Go for Launch

Rice professors and alumni advance research from the lab into the world.

Go for Launch

Spring 2024
By Rachel Fairbank
Illustrations by Kako

For every exciting discovery in research, there’s also a long process of moving these findings into practical application, whether it’s creating a new device that can save on energy, a new test or treatment for a health condition, or a technology that can help reduce or eliminate carbon emissions. In recent years, Rice has developed new programs and resources to support researchers in translating their discoveries into startup companies.

“The talent pool here in Houston is huge,” says Rawand Rasheed ’23, who received his Ph.D. in mechanical engineering at Rice and is now the CEO and co-founder of the company Helix Earth Technologies. “We just don’t have the capital or the startup ecosystem here.”  Through programs and classes, Rice is working to fill those gaps.

To support the next generation of entrepreneurs, Rice offers entrepreneurship classes and provides development opportunities like the Rice Innovation Fellows program and the 12-week OwlSpark Tech Startup and Small Business Accelerator. Rice also hosts events such as the Napier Rice Launch Challenge at the Liu Idea Lab for Innovation and Entrepreneurship (Lilie) as well as the Rice Alliance’s Energy Tech Venture Forum, Texas Life Science Forum and Rice Business Plan Competition, which is the largest and richest in the world. These programs promote a thriving network of new founders.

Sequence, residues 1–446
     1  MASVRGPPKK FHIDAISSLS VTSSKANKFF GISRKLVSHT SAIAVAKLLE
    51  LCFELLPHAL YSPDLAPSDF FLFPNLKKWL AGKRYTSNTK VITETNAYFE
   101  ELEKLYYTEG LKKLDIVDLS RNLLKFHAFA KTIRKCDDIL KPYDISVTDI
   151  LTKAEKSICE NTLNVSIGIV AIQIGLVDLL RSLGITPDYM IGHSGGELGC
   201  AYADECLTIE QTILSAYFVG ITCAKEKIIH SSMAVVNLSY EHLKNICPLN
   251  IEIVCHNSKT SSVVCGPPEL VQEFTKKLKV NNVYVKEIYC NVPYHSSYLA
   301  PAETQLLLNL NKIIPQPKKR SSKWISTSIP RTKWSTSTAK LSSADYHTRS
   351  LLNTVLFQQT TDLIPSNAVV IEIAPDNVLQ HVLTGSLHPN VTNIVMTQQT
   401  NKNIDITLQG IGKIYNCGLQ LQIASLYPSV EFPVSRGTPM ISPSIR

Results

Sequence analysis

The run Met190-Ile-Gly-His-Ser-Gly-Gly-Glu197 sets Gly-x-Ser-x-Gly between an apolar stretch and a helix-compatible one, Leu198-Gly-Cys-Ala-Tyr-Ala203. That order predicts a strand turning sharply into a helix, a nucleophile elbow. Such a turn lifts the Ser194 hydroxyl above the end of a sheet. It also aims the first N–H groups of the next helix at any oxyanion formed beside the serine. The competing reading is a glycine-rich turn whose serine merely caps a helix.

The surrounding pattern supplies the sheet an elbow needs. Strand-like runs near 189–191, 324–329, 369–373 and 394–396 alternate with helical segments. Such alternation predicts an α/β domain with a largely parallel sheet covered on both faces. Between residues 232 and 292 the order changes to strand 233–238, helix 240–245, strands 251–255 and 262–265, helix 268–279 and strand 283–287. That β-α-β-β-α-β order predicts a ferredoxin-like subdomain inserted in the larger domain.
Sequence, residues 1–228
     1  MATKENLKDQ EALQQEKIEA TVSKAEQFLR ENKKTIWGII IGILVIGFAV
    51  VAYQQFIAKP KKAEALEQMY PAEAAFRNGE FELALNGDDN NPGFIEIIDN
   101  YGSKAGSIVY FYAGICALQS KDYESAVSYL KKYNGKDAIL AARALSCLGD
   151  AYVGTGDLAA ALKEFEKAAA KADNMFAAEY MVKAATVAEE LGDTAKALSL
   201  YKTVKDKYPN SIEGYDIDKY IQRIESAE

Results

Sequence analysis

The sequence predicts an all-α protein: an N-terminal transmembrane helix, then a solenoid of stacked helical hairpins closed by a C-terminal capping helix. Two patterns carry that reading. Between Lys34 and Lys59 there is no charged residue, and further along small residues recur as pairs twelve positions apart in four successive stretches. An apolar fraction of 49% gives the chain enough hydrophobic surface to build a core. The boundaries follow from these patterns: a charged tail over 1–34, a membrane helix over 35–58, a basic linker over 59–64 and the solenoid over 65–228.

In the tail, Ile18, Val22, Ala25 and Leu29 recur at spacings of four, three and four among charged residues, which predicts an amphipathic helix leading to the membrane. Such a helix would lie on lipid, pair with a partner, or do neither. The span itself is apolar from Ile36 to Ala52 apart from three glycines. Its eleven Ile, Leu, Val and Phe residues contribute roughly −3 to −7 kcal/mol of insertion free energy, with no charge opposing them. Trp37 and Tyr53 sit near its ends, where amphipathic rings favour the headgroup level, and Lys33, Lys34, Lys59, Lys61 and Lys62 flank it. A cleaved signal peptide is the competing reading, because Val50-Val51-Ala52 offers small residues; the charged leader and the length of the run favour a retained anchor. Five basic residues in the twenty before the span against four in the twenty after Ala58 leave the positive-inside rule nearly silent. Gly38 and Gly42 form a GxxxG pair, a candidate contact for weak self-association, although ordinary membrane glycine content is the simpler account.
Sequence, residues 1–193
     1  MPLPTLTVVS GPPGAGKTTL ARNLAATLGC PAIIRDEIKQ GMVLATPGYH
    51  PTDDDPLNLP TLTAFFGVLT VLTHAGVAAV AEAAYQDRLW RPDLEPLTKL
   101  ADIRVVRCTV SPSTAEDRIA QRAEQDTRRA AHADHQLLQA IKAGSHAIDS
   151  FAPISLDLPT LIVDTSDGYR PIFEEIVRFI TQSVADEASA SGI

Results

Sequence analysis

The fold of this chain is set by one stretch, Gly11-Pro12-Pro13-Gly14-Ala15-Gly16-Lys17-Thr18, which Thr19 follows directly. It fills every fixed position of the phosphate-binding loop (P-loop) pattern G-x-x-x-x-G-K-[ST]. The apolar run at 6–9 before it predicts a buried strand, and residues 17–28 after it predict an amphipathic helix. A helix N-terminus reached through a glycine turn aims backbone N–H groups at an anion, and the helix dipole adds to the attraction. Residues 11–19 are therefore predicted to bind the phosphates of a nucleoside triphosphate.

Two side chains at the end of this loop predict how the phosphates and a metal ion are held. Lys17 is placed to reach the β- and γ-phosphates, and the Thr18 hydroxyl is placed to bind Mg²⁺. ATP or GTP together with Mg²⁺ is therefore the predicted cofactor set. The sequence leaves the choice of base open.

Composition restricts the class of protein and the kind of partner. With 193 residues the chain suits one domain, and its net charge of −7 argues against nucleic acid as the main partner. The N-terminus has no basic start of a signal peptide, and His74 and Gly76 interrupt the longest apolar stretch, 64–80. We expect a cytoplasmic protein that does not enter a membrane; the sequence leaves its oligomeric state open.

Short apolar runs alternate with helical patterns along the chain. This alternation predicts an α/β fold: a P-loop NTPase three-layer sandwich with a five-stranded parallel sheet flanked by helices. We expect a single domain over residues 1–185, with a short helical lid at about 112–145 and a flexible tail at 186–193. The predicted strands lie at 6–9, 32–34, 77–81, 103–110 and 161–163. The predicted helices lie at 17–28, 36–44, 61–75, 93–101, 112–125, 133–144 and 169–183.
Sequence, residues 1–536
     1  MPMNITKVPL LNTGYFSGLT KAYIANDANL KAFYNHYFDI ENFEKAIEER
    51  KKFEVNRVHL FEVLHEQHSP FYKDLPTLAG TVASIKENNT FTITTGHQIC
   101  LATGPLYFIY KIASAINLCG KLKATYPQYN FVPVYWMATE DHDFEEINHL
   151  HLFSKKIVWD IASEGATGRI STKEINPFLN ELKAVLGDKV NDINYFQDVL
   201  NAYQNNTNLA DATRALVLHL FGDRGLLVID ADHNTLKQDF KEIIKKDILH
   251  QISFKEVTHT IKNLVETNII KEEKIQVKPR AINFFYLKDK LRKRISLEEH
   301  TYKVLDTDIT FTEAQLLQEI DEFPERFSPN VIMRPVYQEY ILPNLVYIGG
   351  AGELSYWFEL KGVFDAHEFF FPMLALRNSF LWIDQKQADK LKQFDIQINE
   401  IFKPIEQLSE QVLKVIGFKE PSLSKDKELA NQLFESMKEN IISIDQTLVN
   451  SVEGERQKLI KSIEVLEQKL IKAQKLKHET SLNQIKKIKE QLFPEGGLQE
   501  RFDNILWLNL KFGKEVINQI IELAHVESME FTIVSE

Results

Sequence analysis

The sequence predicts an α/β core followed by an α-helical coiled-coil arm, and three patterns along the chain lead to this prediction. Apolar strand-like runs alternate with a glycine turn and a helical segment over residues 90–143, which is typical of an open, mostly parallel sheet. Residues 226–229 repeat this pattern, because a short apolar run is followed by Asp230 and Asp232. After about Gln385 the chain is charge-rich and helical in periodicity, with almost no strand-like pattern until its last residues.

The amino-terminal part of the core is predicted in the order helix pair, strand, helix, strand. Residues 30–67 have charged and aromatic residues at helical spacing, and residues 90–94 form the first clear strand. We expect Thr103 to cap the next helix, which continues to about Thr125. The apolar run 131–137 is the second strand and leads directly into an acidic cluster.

Here are just a few examples of technologies, teams and companies at various stages of development from across industries and departments.

Preparing to launch: a treatment for endometriosis

Roughly 10% of women suffer from endometriosis, a debilitating condition that, if left untreated, can lead to severe pain and infertility. There is no known cure for the affliction, and treatment options are limited, consisting of either hormonal therapy, such as birth control, or invasive surgery. 

Rice bioengineering graduate students Samantha Fleury and Samira Aghlara-Fotovat are working to launch a startup dedicated to finding new, less invasive treatments for endometriosis. “Our goal is to create a therapy that can treat endometriosis by going after the inflammatory process,” says Fleury. “Inflammation is definitely a key player in disease development,” says Aghlara-Fotovat.